2:15 pm Feb. 26, 2013
The New York Mets are busily preparing for the season, and they'd like you to know a couple of things.
Johan Santana is going to pitch on Opening Day, and be a vital part of this Mets team.
Also: Zack Wheeler won't be on the Opening Day roster, and will by plying his trade in Las Vegas.
The story has remained the same, even after the events of this past weekend would seem to throw both ideas into question.
First came news that Santana would have his spring debut delayed by as much as two weeks. The Mets were circumspect about why, with general manager Sandy Alderson taking pains above all to make it clear nothing bad had happened.
"Again, there's no structural issue," Alderson told reporters Friday. "It's a matter of just getting into a development progression. It's not a soreness thing. I wouldn't even call it a weakness. It's just where he is in his program is somewhat behind based on his winter and the injury from last year and his loss of the second half of the season. So he's just a little behind schedule."
Of course, one of the advantages touted by Alderson to shutting Santana down last August was that he'd properly rest and come into spring training with no restrictions. So getting up to two weeks lopped off of his preparation time right off the bat is an ominous sign for a pitcher with the recent health history Santana has.
Still, if Santana can begin to pitch within two weeks, and suffer no further setbacks, he can still pitch on Opening Day. The issue isn't so much that as what comes after: Santana pitched only 117 innings last season, and was completely ineffective in the weeks following his no-hitter on June 1, though some have attributed his downfall to pitching through an ankle injury, not throwing a career-high 134 pitches in one outing.
Either way, he didn't come close to pitching effectively for a full season, after missing the 2011 season entirely, and having his 2009 and 2010 seasons end early due to injury as well.
The Mets would love to see him pitch well for a half-season, allowing them to dump the remainder of his $25.5 million contract in 2013 (plus $5.5 million buyout of his 2014 option) and make a deal like the one that netted them Wheeler, for a soon-to-be free agent Carlos Beltran. It requires good health and effectiveness from Santana, though.
In the meantime, any absence from Santana will have Mets fans clamoring for Wheeler. There are perfectly legitimate reasons for the Mets not to add Wheeler to the initial roster that heads north: he's pitched a total of 33 innings above Double-A, by delaying his debut even by a few weeks, they can keep him under team control for an extra year, and by following a similar schedule for Wheeler to Matt Harvey in 2012, the Mets hope they can get Harvey's immediate success from Wheeler as well.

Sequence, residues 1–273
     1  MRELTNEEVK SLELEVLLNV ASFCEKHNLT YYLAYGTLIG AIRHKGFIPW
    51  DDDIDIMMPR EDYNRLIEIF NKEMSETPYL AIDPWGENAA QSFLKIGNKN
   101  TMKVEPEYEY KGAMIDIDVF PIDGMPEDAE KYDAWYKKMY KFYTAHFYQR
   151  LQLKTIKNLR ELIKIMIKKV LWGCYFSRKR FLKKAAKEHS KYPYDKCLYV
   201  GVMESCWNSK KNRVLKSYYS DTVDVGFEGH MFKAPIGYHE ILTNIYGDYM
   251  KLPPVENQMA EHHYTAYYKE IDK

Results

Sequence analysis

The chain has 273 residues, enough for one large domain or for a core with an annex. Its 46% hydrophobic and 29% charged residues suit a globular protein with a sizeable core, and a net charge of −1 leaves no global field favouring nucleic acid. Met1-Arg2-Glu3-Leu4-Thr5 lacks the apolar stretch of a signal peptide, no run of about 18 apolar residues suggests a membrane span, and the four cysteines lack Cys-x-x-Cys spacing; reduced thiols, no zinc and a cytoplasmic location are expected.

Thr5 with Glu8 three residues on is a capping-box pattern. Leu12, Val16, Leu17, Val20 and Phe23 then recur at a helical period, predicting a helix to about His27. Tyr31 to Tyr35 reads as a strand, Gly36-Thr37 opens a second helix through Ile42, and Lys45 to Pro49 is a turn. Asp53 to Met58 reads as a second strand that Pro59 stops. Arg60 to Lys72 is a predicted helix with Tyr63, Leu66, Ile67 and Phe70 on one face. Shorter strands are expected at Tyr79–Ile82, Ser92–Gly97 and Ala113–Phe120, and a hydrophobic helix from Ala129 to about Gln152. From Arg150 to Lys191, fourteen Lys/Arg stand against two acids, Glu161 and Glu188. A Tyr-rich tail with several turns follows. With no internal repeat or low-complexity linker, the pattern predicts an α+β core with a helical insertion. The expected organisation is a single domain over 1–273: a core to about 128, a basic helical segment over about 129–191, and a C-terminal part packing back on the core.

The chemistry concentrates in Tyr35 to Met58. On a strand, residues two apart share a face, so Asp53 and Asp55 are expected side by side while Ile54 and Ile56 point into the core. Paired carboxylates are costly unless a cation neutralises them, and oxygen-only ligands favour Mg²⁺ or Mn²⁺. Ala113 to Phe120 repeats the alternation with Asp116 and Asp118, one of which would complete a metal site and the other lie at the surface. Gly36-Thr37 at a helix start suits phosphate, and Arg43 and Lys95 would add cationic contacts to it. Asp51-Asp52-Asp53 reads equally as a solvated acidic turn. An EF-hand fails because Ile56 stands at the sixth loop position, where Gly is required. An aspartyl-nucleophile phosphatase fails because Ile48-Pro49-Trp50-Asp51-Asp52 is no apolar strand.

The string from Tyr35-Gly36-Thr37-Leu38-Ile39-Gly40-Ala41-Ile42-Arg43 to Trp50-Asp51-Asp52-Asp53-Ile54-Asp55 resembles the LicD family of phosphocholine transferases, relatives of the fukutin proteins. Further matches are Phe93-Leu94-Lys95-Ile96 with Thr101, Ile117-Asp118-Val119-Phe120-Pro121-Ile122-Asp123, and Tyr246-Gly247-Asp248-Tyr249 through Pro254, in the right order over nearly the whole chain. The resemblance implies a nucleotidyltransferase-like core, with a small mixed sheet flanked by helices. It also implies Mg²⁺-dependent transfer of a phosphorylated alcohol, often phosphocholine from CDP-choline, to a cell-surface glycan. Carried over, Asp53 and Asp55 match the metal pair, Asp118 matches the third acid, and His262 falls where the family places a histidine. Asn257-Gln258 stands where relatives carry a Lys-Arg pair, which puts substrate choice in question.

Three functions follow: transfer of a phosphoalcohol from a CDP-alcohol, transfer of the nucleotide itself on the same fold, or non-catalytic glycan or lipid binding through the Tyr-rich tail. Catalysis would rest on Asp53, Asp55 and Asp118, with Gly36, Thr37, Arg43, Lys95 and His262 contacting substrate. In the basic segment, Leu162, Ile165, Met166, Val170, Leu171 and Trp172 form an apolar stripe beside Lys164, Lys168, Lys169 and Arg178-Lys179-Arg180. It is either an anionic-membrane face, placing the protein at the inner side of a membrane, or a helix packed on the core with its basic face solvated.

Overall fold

But Wheeler didn't look like a pitcher with much left to learn in his spring debut on Saturday. After walking the leadoff batter, catcher John Buck and third baseman David Wright came to the mound to remind Wheeler: no one can hit his combination mid-to-upper 90s fastball and high-80s slider when he throws them for strikes.
Thus reminded, Wheeler induced an out from Nationals' phenom Bryce Harper, then struck out Tyler Moore and Chad Tracy to end the inning. As a scout described Wheeler: "Same stuff as [Nationals ace Stephen] Strasburg. That will go down as best trade Sandy Alderson will make in his life."
When the alternatives to Santana, until Wheeler is ready, are Jeremy Hefner and Jenrry Mejia, the promotion of Wheeler isn't likely to take very long. Add in that the Mets' Triple-A farm team is in Las Vegas, a hitter paradise no pitcher ought to be subjected to, and Wheeler is a good bet to join the Mets even sooner than if the Triple-A team still played in Buffalo.
In a perfect world for the Mets, Santana would stay healthy, pitch until he impressed another team so much that the Mets could trade him for an elite prospect, then bring up Wheeler to begin the transition to a bright future.
In reality, the moving pieces aren't likely to work in such perfect harmony. The safe projection, though, has Zack Wheeler pitching more innings for the 2013 Mets than Johan Santana. And that should be just fine.